Among the human resources tools currently in vogue, the surprise, discovery, or astonishment report (pick one!) is becoming an essential part of successful recruitment, and more and more companies are using this exercise to ensure the successful integration of a new employee.
The aim of this document is to obtain feedback from new employees on their feelings about the company, their arrival, their integration, the atmosphere, and the working environment.
This tool, whose form remains informal at this stage, has several advantages for both the company and the new employee.
For the employee, the astonishment report makes it possible to:
- Validate whether the job matches their expectations
- rapidly build a relationship of trust with management
- Develop a capacity for dialogue and internal exchange.
For the company, it ensures to:
- Analyse the recruitment and integration process
- Consider areas for improvement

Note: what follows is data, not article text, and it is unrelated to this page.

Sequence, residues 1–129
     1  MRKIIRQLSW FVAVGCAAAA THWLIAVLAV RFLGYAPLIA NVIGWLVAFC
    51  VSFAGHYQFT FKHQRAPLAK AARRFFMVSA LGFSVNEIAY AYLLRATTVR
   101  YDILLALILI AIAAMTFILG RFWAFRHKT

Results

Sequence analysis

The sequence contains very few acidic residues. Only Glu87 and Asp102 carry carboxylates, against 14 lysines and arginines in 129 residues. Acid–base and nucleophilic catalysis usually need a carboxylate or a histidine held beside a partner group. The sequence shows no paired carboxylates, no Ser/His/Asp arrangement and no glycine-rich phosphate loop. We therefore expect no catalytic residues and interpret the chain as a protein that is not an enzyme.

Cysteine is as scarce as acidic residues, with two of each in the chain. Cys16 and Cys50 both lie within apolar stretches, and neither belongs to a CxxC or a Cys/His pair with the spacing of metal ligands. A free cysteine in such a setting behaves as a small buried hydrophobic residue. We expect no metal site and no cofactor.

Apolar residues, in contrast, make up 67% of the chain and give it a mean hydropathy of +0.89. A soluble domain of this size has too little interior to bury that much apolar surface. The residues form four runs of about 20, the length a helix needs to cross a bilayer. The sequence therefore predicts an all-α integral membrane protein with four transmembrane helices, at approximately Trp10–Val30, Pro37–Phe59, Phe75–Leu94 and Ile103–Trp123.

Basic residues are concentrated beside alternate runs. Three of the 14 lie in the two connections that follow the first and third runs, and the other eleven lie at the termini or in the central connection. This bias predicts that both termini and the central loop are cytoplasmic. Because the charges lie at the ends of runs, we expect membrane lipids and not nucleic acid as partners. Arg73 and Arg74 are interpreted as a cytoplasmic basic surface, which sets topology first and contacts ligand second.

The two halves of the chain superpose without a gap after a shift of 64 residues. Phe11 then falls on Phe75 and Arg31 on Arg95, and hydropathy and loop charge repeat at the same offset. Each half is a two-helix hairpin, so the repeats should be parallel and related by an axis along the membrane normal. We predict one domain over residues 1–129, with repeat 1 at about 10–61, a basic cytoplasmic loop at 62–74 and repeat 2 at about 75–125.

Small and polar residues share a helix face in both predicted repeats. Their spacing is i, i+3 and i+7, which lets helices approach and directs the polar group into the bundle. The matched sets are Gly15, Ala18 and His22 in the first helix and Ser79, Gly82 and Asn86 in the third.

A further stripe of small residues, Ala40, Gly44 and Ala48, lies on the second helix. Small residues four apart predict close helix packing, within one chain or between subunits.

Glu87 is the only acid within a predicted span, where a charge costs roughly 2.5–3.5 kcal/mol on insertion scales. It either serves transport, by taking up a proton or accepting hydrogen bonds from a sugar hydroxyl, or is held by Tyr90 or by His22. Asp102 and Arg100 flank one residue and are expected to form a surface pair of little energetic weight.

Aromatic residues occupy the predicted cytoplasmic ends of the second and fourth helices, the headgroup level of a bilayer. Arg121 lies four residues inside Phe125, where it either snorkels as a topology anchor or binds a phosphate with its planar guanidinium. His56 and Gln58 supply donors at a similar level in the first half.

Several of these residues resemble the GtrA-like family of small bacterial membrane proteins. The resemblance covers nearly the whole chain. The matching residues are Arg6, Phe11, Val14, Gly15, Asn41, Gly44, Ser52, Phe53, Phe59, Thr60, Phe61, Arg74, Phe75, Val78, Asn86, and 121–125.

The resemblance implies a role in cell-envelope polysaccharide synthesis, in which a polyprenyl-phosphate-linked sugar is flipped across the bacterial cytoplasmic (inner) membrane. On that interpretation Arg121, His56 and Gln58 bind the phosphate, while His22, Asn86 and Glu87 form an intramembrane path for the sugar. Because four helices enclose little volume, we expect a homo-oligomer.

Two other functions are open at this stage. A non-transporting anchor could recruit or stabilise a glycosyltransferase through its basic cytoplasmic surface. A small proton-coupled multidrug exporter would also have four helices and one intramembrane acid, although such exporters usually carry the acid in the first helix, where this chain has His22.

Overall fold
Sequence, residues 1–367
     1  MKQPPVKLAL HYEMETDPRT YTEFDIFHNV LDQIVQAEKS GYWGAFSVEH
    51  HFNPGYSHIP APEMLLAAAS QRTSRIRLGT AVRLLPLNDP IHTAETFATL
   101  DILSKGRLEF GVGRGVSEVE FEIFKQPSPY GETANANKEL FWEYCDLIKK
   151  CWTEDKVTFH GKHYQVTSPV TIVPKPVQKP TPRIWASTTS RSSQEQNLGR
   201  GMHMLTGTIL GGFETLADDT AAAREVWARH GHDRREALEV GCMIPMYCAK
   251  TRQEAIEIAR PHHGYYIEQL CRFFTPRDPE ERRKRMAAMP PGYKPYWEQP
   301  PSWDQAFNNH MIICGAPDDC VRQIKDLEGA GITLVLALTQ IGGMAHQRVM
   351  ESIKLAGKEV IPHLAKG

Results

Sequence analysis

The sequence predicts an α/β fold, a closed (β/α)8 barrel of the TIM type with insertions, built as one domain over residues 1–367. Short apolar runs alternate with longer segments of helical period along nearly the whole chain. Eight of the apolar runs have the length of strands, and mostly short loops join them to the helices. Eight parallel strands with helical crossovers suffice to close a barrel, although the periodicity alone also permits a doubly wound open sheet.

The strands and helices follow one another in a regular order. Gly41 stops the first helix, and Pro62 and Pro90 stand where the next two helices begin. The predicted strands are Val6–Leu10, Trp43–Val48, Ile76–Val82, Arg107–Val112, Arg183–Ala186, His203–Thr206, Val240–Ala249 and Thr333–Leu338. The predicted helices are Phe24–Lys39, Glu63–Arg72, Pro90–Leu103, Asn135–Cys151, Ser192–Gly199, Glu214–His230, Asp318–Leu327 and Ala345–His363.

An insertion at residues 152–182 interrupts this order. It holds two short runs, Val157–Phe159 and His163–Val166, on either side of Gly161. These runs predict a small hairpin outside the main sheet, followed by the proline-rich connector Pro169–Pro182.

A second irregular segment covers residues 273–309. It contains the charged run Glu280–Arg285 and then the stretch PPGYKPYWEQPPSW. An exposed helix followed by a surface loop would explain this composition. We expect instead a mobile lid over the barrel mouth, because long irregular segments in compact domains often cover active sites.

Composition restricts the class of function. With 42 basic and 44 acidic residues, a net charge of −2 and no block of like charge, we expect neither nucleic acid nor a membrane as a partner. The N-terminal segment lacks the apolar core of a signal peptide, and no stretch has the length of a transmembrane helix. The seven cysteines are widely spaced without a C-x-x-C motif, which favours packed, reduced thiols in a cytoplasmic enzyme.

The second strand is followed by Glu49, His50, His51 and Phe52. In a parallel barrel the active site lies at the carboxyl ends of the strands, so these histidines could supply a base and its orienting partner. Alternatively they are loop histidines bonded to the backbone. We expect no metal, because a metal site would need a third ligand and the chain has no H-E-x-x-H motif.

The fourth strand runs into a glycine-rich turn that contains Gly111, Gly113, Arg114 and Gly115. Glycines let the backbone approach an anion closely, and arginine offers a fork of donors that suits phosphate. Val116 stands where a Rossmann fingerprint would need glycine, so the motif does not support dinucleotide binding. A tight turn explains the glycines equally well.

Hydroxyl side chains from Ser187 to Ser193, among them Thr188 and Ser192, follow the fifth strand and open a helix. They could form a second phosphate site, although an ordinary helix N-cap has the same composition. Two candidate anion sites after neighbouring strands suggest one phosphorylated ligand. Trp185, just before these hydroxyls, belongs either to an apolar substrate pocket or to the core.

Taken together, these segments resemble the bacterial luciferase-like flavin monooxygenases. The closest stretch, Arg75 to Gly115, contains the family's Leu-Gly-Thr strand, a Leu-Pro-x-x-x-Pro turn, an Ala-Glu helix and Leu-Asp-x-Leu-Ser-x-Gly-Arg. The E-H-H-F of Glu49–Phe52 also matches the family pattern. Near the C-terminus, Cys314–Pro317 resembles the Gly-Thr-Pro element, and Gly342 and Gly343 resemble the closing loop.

- Identify sticking points and people
- Validate the probation period
For it to be fully effective, it is important that all parties involved play the game of transparency and candour, and that this report is not used for other purposes.
However, it seems to me that this tool can also be used in a slightly different way in the context of recruitment carried out by an Executive Search firm.
In fact, all Executive Search firms have a guarantee clause in their contracts, which is activated in the hopefully rare event of a non-proving trial period.
The astonishment report could therefore play a decisive role in the consultant’s analysis with the client of the integration period of the recruited candidate.
If a first version of this report were produced by the candidate after the first 6 weeks of integration, and debriefed between the consultant and his client, it would make it possible to objectify this analysis, formalize the areas for improvement to be considered with the candidate, and arrange a meeting when a more advanced version of the report is submitted a few weeks later.
Should a negative trend emerge from the initial discussions, this would enable both parts to anticipate the activation of the warranty clause, analyse the causes of the failure in detail, and modify the mission’s expectations.
It seems that the astonishment report can and should become a tool shared with the Executive Search firm in charge of the recruitment, to objectify the guarantee triggering and make it as effective as possible.
Article written by Stéphane LEHIDEUX, CFR Global Executive Search France